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TWO SEMINARS: Department of Earth Sciences

Posted by C Lowry on Feb 14, 2013 1:36:25 PM

Department of Earth Sciences Seminars

Tuesday 19th February, 4.00pm

Mineralogy Seminar Room



4.00 pm
Popocatepetl – Curatorial notes from an active volcano
David Smith, Department of Earth Sciences, NHM

Popocatepetl volcano in Mexico, is the 2nd highest volcano in North America and one of the most currently active in the world.  It last erupted in April 2010 and has since been discharging small ash clouds and an average 7 tonnes of gas per day.
A successfully funded collections enhancement bid permitted Dave Smith and Chiara Petrone to collect fresh, well documented pyroclastic and lava samples from known, dated eruptions and fill a void in the petrology collection that will permit future geochemical research into the evolution of the magmatic processes occurring beneath this dynamic volcano.
In addition to field sampling, this exciting project was the first Earth Science trip to involve the Nature Live team.  Following the successes of biodiversity trips to Borneo, Costa Rica and the Bahamas this Earth Science trip, although a much smaller venture, included a number of live videoconferences with schools, Nature Live link-ups and live web-chats.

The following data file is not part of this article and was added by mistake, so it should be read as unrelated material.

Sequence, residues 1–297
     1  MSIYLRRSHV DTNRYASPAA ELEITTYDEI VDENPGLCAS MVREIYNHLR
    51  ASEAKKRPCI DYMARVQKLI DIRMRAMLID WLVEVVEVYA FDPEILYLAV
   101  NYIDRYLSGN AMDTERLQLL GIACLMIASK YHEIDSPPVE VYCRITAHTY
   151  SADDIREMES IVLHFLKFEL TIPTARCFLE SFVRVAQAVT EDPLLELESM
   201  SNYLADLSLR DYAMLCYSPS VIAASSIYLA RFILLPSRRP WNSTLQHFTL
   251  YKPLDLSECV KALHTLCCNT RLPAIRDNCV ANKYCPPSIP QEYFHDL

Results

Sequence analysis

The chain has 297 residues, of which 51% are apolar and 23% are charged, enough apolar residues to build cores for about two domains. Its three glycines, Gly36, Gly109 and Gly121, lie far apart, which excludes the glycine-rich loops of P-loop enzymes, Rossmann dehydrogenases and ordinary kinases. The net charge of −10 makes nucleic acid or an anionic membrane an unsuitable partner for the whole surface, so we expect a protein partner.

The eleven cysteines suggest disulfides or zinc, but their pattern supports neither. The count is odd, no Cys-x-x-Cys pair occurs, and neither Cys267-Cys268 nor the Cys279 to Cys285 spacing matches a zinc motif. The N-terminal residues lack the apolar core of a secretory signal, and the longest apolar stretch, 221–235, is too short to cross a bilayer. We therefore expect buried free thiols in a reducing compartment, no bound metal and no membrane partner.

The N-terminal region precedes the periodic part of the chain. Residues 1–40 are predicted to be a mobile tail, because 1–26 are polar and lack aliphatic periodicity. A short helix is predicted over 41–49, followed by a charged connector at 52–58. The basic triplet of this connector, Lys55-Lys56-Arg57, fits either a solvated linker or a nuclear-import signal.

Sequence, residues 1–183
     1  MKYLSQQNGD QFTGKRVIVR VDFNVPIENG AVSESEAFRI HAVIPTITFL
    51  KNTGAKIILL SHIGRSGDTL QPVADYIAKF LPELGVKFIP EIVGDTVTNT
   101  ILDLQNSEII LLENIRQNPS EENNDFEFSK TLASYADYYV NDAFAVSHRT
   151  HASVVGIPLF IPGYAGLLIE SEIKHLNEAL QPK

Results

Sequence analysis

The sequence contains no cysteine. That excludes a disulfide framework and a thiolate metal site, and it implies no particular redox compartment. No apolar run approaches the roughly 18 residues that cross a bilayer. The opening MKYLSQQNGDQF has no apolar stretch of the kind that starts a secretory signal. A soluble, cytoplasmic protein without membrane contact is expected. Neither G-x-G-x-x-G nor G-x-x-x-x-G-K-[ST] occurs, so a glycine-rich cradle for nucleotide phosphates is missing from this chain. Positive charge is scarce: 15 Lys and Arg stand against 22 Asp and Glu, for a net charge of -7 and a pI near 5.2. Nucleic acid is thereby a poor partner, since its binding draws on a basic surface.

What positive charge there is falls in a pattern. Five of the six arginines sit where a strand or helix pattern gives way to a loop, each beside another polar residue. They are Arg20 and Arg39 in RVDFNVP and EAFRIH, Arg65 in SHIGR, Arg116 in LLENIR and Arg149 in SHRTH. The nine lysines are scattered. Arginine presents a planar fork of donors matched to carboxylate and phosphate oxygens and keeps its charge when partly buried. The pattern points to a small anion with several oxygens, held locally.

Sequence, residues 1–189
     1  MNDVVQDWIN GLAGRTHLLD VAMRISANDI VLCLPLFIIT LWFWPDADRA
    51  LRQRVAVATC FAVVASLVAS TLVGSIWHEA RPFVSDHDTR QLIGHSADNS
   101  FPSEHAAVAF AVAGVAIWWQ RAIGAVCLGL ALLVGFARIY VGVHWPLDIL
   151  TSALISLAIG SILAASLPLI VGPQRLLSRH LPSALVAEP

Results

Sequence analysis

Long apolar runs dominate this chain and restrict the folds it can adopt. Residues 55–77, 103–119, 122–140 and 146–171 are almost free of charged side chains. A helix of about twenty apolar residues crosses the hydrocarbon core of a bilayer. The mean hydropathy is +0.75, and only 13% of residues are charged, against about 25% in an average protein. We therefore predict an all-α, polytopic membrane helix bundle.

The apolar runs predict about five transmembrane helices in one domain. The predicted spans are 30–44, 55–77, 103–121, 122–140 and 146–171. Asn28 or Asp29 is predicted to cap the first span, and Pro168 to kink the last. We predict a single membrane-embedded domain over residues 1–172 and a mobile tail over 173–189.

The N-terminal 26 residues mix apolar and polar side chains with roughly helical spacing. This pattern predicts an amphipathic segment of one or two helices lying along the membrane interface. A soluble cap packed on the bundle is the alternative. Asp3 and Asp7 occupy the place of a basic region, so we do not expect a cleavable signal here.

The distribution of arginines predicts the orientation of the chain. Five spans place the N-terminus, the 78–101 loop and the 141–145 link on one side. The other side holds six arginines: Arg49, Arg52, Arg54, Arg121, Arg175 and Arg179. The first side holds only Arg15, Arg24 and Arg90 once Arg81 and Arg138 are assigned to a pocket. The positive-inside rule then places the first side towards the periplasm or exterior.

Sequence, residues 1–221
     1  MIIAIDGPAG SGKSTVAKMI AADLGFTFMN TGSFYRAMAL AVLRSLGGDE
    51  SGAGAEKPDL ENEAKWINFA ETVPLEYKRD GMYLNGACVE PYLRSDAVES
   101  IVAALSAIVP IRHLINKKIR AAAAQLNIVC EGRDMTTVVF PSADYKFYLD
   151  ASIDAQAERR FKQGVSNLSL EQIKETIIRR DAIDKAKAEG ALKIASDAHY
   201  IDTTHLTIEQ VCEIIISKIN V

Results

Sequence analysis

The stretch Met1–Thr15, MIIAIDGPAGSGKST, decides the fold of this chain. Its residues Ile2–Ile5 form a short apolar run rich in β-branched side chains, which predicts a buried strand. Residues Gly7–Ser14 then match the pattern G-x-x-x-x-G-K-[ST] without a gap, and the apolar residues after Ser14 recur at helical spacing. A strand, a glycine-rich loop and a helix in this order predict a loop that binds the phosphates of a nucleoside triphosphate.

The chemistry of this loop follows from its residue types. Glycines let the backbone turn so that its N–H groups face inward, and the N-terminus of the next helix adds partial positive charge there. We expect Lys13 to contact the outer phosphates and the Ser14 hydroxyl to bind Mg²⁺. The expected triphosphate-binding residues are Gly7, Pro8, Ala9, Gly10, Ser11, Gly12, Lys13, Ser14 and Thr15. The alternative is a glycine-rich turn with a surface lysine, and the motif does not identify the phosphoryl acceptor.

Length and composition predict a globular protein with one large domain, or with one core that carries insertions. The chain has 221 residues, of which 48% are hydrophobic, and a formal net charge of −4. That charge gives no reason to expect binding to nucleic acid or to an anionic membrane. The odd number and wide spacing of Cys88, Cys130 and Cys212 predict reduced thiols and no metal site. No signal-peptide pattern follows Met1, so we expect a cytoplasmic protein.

Fresh back from the dizzy heights of 4600m, Dave Smith will give a visual presentation of his experience of working on the side of this intimidating volcano, and will discuss the merits of contextualising field samples with good documentation and images.

4.30 pm
A new primitive ornithischian dinosaur from the Venezuelan Andes
Paul Barrett, Department of Earth Sciences, NHM

Relatively little is known about the early evolution of ornithischian (bird-hipped) dinosaurs, due to a dearth of specimens from the Late Triassic–Early Jurassic. New material from a bonebed in the Venezuelan Andes, from the La Quinta Formation, is helping to shed light on their diversification in the wake of the end-Triassic extinction (ETE). The new animal is represented by abundant, but disarticulated material, representing at least four (and probably more) juveniles and subadults. New dating of the formation, based on detrital zircons, places the material at 200.9 Ma, just 0.5 million years after the ETE. Phylogenetic analysis recovers the new dinosaur close to the base of the group, providing some insights into the initial evolution of ornithischian biology. This material shows that ornithischians recovered quickly after the ETE and also increased their geographical distribution at this time.




Followed by wine and cheese!!!




For additional details on attending this or other seminars see

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